The Bigness

Green is addictive…if you’re referring to money:

Oakland could approve a plan Tuesday to set up four marijuana factory farms, a step that could usher in the era of Big Pot.

The proposal is a testament to just how fast the marijuana counterculture is transforming into a corporate culture. And it has ignited a contentious debate in Oakland that could spread as cities face pressure to regulate marijuana cultivation and find ways to tax it.

“Everybody knows it’s going bigger and big money is moving in,” said Dale Gieringer, an Oakland resident and prominent marijuana activist.

A common explanation for the insane legal status of marijuana, a plant that actually has beneficial qualities, when compared to that of tobacco is that the one that’s legal lends itself better to corporate-model mass production — thus, easier taxation.  Oakland is basically trying to buck this conventional wisdom, and they already have a partner in mind…

If the City Council approves the plan, one Bay Area businessman has already made it clear that he intends to apply for a cultivation permit. Jeff Wilcox, who owned a successful construction firm and has already incorporated as AgraMed, hopes to convert his empty industrial buildings near Interstate 880 into an enormous production facility. He plans to manufacture growing equipment, bake marijuana edibles in a 10,000-square-foot kitchen and use two football fields of space to grow about 58 pounds of marijuana every day, many times the amount now sold in Oakland.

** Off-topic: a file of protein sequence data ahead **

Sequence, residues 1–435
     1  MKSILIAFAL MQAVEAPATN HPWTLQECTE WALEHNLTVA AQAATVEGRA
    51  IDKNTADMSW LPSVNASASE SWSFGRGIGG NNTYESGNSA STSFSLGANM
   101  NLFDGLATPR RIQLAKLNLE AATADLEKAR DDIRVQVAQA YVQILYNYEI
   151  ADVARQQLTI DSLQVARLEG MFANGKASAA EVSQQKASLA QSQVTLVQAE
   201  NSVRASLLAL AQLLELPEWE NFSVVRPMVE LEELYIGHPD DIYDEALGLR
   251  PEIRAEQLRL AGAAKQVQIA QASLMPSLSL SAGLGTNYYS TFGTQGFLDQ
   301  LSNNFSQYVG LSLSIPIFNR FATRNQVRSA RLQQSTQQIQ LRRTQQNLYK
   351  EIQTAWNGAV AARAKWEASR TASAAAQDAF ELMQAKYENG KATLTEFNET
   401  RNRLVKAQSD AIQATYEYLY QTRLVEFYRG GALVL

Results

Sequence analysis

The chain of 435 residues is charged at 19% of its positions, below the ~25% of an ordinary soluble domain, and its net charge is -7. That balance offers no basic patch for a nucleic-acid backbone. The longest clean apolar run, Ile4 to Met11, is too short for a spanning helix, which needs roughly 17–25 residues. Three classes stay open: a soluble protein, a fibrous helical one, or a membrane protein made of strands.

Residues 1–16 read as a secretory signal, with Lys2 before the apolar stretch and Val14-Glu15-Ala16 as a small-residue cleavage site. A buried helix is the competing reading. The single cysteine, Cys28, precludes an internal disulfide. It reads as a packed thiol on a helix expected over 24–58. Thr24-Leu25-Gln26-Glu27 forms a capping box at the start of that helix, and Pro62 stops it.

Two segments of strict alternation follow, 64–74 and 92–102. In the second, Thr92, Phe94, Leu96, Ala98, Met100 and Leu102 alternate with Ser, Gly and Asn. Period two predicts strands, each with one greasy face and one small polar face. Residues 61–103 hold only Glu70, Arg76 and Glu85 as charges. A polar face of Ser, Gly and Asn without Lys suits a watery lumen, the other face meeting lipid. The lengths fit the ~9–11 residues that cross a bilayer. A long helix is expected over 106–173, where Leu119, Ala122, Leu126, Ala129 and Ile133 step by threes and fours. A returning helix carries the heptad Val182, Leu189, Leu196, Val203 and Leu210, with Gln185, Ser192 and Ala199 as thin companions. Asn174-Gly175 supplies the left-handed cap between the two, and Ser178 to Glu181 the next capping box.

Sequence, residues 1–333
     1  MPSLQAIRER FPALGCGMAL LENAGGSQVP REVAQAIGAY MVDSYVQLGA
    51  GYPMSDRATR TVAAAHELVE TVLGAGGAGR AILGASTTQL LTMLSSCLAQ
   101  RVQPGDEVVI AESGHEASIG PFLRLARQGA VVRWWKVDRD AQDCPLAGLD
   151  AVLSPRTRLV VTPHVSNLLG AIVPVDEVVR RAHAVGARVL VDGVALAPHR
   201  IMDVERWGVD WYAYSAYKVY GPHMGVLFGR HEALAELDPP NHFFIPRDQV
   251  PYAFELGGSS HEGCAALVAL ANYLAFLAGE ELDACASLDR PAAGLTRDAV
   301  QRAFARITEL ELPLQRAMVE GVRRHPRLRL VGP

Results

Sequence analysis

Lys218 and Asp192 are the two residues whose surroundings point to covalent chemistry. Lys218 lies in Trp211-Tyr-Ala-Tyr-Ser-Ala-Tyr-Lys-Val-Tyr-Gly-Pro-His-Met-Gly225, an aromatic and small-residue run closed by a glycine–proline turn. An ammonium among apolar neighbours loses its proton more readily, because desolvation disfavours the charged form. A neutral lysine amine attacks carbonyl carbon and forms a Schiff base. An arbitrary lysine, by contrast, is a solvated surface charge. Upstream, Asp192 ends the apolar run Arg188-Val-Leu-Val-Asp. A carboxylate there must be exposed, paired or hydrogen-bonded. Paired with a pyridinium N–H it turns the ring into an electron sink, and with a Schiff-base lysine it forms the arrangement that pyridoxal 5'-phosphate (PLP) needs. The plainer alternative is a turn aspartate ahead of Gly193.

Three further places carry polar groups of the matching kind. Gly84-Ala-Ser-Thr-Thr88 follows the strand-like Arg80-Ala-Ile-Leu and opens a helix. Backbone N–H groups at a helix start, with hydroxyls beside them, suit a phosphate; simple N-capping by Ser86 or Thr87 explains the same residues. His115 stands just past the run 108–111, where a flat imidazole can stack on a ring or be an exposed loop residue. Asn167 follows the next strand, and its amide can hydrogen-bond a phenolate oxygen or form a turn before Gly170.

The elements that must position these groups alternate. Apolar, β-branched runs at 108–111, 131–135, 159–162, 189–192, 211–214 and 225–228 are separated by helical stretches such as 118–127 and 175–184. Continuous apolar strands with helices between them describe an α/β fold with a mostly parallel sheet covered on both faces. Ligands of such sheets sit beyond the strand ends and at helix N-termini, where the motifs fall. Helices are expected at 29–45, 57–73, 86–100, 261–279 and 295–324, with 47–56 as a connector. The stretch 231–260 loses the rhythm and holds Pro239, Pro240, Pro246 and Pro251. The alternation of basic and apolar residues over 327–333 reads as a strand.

What caught the City Council’s attention was Wilcox’s projection that he could hire 371 employees and pay at least $1.5 million a year in taxes. (emphasis mine)

Sounds to me like in exchange for revenue they’re, in essence, handing over control of virtually the entire medical pot market in the city.  Anyone want to bet on the quality of the product?

Oakland’s proposal, drafted by council members Rebecca Kaplan and Larry Reid, would still allow small unregulated cultivation in homes but is intended to supplant hundreds of larger operations, establishing the four industrial operations “as the only legal model.”  They argue that medium-size operations, often in gutted homes and illicit warehouses, are a hazard, causing electrical fires and drawing violent crime.

Because we all know huge-scale operations are less risky…

Under Oakland’s proposal, the four operations would pay an annual fee of $211,000, which would support a city staff to ensure they are operated safely and securely. But opponents see it as a steep barrier to entry and have proposed a sliding scale based on size.  “The ordinance basically sets up an oligopoly,” said Gieringer, the longtime head of California NORML, which advocates for legalization. “I don’t think we want just four humongous growers, not just Wal-Marts. We’d like to see lots of microbreweries, rather than Budweisers.”

Exactly, though the alternative doesn’t go far enough.  There should be NO special fee for running a medical marijuana operation, the city is already taxing pot anyway.  Try looking at the rest of the budget for once.

Edit: the plan passed today, including the ridiculous fee.


About b-psycho

Left-libertarian blogger & occasional musician.
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